First, because the Ethiopian community was Jewish Israel sort of served as their "biological parents" despite the fact that they had never been to Israel. From this perspective, Sudan was the adoptive country despite that fact that that was where this Ethiopian community was from.
Second, we have often discussed the notion of rescuing adoptees. But in this case the goal of the operation was to rescue an entire community, not one child, not a few siblings, the entire Jewish community.
In fact, the mission was only completed in 1991 when the remaining 14,000 Jews were finally brought to Israel.
I just thought it was interesting to see how the term adoption is not limited by number, that it can be applied to an entire community.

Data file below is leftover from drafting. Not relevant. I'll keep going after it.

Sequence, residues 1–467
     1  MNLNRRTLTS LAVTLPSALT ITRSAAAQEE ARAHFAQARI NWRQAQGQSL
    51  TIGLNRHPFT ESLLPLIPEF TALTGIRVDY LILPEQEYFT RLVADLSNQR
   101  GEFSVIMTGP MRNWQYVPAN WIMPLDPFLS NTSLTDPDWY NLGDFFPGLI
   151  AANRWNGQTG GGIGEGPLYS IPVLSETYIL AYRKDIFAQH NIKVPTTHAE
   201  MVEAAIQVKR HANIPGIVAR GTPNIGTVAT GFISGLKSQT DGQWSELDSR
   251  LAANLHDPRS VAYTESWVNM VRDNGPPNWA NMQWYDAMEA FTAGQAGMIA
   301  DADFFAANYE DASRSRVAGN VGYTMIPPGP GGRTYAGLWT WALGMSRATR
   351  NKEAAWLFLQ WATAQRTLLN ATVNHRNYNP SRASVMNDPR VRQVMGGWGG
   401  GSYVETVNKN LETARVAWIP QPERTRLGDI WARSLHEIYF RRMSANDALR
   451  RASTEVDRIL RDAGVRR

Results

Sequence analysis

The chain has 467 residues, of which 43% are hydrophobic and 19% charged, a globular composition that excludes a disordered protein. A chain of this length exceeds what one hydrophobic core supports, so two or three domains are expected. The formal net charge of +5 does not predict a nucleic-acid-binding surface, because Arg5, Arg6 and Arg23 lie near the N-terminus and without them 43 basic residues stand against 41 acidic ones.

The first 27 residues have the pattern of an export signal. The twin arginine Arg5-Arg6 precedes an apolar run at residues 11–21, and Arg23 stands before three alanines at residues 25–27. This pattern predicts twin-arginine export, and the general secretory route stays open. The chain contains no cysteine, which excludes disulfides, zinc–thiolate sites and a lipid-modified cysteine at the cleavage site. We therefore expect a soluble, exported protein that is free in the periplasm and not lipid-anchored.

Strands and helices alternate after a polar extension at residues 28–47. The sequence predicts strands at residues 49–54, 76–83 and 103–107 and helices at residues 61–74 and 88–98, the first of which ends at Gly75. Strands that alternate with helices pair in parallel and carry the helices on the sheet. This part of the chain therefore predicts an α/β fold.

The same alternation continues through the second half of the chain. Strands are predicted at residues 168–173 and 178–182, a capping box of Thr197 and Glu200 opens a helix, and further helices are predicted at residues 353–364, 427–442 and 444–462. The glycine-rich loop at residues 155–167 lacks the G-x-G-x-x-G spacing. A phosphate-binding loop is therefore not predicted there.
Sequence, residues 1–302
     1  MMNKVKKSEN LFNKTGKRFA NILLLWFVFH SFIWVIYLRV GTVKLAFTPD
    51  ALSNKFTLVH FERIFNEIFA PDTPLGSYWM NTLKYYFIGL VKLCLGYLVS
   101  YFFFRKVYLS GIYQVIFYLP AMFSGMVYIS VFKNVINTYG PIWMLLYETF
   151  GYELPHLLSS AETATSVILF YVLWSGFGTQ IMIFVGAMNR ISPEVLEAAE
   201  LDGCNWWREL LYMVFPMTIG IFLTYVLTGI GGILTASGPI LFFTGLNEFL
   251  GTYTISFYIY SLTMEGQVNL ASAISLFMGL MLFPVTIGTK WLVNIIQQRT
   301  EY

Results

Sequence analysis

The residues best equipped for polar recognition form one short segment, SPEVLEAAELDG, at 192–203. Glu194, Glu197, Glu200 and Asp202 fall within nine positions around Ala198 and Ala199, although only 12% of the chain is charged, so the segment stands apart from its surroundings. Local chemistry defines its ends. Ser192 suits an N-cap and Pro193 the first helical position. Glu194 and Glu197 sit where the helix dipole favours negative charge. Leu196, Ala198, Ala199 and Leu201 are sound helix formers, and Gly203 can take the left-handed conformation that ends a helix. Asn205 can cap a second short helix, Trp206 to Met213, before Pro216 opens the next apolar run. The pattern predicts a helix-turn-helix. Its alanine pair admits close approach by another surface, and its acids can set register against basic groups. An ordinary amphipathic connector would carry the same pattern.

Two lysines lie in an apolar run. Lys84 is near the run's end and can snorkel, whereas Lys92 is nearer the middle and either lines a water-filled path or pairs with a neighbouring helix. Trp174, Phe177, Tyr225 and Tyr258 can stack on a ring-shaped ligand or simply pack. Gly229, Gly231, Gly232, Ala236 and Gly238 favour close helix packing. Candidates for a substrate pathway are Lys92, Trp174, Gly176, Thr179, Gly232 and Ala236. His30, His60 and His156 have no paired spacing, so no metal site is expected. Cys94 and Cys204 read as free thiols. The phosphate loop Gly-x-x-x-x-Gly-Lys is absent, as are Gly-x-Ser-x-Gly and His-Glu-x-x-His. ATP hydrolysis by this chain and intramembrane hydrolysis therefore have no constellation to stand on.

1) While celebrity interracial/multiethnic adoptions tend to focus their attention abroad, adopting children from third world countries, Sandra has adopted a black child from New Orleans. This says a lot. Throughout the course of the semester I noticed a trend in American adoptions. American adoptive parents tended to adopt black children who were not from America. I thought this was interesting, because if you want to "save the world" you would think that at least some parents would want to start close to home. However, I think that adopting black American children sent a message not many people were willing to send. It was better to adopt a black child from an impoverished country.